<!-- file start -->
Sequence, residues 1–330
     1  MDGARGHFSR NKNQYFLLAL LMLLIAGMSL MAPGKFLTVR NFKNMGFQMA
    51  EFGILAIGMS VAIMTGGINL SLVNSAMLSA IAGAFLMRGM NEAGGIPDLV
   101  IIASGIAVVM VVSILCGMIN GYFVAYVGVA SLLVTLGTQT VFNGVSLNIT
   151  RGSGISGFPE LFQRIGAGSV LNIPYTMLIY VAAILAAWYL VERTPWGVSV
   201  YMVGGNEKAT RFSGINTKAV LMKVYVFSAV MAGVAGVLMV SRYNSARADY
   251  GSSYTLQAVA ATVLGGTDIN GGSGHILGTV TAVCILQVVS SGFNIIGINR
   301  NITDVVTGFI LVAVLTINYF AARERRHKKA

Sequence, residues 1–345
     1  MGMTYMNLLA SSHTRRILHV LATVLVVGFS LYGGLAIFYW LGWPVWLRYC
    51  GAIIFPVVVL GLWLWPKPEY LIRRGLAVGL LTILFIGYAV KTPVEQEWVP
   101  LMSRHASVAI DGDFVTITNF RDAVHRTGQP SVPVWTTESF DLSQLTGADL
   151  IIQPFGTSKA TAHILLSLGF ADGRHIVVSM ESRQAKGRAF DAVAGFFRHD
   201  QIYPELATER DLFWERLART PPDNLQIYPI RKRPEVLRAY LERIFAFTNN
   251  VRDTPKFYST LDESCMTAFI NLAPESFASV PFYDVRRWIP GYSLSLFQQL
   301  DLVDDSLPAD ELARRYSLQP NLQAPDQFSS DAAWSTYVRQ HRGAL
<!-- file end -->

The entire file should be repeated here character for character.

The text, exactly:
Sequence, residues 1–330
     1  MDGARGHFSR NKNQYFLLAL LMLLIAGMSL MAPGKFLTVR NFKNMGFQMA
    51  EFGILAIGMS VAIMTGGINL SLVNSAMLSA IAGAFLMRGM NEAGGIPDLV
   101  IIASGIAVVM VVSILCGMIN GYFVAYVGVA SLLVTLGTQT VFNGVSLNIT
   151  RGSGISGFPE LFQRIGAGSV LNIPYTMLIY VAAILAAWYL VERTPWGVSV
   201  YMVGGNEKAT RFSGINTKAV LMKVYVFSAV MAGVAGVLMV SRYNSARADY
   251  GSSYTLQAVA ATVLGGTDIN GGSGHILGTV TAVCILQVVS SGFNIIGINR
   301  NITDVVTGFI LVAVLTINYF AARERRHKKA

Sequence, residues 1–345
     1  MGMTYMNLLA SSHTRRILHV LATVLVVGFS LYGGLAIFYW LGWPVWLRYC
    51  GAIIFPVVVL GLWLWPKPEY LIRRGLAVGL LTILFIGYAV KTPVEQEWVP
   101  LMSRHASVAI DGDFVTITNF RDAVHRTGQP SVPVWTTESF DLSQLTGADL
   151  IIQPFGTSKA TAHILLSLGF ADGRHIVVSM ESRQAKGRAF DAVAGFFRHD
   201  QIYPELATER DLFWERLART PPDNLQIYPI RKRPEVLRAY LERIFAFTNN
   251  VRDTPKFYST LDESCMTAFI NLAPESFASV PFYDVRRWIP GYSLSLFQQL
   301  DLVDDSLPAD ELARRYSLQP NLQAPDQFSS DAAWSTYVRQ HRGAL